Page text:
Diffusion equation

Sep 2017
5
0
Hello!

I'm a physics student and i have a problem i can't solve. I was wondering if there is anyone here who would be willing to help me solve this?

House: a room (see attachment) has perfectly isolated walls, except the two windows where a convective heat exchange takes place (with the same transfer coefficient).
Outside temperature in front of a sun-faced wall-sized panoramic window is T1, while at the back it is T2. Calculate the stationary temperature field inside the room. You can also play by adding an additional energy flux through the front
window due to a sunlight at an angle φ.


Thank you so much for your help!
 

Attachments

Aug 2010
434
174
This has nothing at all to do with the "diffusion equation" If the temperature at one side (take it to be x= 0) is T1 and the temperature at the other side (take it to be x= d, the thickness of the glass) is T2 then the stationary temperature field inside the window is linear: T(x)= T1+ x(T2- T1)/d.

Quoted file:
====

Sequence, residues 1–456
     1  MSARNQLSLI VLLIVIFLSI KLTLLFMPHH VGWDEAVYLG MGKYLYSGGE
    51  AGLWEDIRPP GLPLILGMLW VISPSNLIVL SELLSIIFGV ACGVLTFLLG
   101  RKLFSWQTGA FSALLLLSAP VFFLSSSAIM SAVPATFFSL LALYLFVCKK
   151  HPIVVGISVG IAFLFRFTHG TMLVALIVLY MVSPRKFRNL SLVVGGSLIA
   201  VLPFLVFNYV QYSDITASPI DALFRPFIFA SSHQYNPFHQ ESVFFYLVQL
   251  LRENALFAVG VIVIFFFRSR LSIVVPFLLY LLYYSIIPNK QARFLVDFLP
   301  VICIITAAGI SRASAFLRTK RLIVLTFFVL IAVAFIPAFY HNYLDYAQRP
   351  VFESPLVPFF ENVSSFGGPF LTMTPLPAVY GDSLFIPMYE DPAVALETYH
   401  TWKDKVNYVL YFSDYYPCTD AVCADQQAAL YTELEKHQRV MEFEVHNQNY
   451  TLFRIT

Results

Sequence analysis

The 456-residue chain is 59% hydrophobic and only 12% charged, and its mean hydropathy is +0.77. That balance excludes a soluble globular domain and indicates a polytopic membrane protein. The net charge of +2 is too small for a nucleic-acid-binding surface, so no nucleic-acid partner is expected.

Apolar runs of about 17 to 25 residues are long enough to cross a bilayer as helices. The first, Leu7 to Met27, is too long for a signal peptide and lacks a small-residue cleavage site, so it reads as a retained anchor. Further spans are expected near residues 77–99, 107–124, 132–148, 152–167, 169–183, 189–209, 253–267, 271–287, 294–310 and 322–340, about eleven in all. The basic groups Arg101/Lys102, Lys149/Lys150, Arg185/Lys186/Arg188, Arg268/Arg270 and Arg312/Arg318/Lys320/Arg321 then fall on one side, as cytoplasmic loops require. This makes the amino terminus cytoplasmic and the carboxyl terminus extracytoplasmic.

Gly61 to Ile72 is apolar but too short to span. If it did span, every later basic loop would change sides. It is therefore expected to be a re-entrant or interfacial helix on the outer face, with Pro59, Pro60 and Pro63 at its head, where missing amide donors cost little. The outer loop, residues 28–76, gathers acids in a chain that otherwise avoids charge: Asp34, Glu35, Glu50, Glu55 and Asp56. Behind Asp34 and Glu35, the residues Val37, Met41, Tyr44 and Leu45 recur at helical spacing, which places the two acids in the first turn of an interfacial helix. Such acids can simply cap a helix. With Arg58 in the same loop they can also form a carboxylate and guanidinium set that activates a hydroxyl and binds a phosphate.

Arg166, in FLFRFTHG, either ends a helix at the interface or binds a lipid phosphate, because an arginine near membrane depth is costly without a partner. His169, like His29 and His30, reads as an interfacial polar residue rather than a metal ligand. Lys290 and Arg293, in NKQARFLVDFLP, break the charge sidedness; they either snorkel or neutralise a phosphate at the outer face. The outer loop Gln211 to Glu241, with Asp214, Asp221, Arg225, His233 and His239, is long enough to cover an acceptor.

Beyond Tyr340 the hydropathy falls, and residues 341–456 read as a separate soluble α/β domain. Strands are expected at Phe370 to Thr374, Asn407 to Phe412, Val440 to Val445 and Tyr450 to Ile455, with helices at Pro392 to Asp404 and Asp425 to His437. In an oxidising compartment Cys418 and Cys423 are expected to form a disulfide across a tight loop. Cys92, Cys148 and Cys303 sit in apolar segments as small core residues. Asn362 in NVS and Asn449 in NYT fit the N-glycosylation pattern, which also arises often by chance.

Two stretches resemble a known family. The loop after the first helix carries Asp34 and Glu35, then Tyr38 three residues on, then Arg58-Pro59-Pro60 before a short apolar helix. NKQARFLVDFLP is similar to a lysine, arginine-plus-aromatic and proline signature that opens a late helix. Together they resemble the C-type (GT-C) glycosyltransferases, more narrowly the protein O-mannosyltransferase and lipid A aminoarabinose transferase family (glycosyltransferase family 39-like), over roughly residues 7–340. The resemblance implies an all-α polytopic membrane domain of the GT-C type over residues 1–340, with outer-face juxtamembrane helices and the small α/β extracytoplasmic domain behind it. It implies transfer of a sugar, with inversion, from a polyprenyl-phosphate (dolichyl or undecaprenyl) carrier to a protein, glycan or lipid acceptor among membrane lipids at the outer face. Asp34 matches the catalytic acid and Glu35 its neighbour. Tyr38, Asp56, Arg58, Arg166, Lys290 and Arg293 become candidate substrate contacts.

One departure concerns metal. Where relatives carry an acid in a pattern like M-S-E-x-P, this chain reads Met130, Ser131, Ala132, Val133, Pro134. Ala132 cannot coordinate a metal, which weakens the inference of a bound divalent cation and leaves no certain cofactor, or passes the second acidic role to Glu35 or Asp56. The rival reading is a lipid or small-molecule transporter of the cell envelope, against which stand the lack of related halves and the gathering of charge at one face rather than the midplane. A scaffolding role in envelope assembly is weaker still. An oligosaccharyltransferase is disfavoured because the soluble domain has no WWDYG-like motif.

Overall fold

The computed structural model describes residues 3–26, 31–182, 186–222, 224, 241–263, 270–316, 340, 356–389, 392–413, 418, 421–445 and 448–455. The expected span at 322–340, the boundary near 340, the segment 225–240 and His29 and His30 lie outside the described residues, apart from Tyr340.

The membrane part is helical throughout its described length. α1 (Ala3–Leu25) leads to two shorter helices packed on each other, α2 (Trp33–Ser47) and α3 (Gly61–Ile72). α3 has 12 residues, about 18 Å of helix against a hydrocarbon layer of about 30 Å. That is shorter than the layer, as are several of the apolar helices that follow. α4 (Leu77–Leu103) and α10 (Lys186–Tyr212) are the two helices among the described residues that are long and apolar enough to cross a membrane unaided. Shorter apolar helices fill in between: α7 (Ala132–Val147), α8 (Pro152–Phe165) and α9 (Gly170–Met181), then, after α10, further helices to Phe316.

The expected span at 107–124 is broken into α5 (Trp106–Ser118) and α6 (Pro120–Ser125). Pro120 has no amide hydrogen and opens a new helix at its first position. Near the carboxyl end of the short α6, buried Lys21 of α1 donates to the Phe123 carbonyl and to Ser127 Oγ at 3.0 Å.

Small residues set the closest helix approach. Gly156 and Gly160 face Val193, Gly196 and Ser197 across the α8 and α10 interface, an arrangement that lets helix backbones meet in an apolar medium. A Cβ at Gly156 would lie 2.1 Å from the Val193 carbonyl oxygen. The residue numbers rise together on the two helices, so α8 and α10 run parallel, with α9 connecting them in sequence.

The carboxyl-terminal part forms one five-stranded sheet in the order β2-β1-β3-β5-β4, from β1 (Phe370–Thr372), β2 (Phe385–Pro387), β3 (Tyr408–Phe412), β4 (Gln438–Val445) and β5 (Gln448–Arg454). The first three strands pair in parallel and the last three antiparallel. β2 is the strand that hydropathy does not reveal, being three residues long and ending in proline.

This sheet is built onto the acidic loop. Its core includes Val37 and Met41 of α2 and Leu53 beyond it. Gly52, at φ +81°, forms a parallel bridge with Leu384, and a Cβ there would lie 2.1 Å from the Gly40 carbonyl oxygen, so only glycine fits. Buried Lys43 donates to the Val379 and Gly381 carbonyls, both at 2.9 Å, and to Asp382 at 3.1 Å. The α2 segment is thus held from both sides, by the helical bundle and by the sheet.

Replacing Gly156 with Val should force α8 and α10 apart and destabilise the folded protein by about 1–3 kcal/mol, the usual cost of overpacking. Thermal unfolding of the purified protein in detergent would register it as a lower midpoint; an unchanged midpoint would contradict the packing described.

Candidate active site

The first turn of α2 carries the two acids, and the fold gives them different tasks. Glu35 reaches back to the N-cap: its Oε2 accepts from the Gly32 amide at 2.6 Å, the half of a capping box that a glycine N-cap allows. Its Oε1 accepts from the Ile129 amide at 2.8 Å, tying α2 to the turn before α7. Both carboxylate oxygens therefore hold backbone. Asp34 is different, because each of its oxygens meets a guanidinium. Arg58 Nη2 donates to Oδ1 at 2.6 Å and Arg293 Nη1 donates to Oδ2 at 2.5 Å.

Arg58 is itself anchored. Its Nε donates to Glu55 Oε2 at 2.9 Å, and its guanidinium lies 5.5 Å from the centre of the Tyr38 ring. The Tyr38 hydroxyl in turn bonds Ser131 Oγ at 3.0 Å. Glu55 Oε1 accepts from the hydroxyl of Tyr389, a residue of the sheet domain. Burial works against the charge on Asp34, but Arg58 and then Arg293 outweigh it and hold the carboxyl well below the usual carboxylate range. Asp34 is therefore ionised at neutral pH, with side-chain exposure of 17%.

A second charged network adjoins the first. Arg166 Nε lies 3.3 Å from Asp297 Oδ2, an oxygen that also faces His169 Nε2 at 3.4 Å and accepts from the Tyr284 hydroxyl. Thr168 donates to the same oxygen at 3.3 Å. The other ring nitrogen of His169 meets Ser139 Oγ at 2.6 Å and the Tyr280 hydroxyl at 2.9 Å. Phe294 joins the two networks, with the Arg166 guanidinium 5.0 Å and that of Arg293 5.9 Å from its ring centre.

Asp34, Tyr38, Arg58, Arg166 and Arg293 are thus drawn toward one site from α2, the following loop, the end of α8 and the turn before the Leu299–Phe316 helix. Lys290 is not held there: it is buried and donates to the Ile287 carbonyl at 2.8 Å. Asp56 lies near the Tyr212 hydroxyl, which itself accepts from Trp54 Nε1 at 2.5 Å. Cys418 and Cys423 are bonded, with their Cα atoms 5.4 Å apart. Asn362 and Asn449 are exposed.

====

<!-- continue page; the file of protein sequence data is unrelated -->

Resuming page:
When x=0, that is T(0)= T1+ 0(T2- T1)d= T1. When x= d that is T(d)= T1+ d(T2- T1)/d= T1+ T2- T1= T2.

(Well, it does have a little to do with the "diffusion equation". The diffusion equation is \(\displaystyle \frac{\partial^2 T}{\partial x^2}= \kappa\frac{\partial t}\). If the temperature field is "stationary" then its derivative with respect to t is 0 so the second derivative with respect to x must be 0 from which we conclude that the temperature is a linear function of x.)
 
Sep 2017
5
0
Thank you for your answer.

But isn't this the diffusion equation dT/dt=D (d^2 T)/dx^2 and if we are calculating stationary temperature the equation is actually Lapace ΔT=0 .
I think it is not the same in the x and y direction because the windows aren't the same size and the sun is only shining in the room on one side. So T=X(x)Y(y), and we get
1/X * (d^2 X)/dx^2=-1/Y * (d^2 Y)/dy^2 =C
But i am not sure what the boundary conditions should be?